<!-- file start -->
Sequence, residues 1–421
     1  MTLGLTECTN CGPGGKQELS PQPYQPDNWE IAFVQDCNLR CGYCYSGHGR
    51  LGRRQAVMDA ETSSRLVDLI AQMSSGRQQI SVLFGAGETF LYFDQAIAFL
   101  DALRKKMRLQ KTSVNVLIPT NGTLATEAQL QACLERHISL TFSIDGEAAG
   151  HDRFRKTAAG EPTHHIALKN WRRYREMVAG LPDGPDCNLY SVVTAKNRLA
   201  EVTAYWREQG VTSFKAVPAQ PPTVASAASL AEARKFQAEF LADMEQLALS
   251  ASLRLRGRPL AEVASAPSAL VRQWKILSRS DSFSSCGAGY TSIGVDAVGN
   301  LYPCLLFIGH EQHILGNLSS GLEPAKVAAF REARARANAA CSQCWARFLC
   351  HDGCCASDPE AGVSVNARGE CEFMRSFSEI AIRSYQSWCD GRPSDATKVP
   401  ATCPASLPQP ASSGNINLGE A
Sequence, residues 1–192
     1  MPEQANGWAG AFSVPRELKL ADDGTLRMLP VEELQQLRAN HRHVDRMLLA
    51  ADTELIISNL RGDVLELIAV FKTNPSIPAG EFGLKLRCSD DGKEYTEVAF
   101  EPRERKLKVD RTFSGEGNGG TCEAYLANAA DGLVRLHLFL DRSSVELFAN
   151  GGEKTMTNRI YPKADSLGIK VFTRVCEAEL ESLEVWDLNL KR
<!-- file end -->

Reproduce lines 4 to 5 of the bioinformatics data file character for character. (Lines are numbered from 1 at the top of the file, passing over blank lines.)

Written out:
   101  DALRKKMRLQ KTSVNVLIPT NGTLATEAQL QACLERHISL TFSIDGEAAG
   151  HDRFRKTAAG EPTHHIALKN WRRYREMVAG LPDGPDCNLY SVVTAKNRLA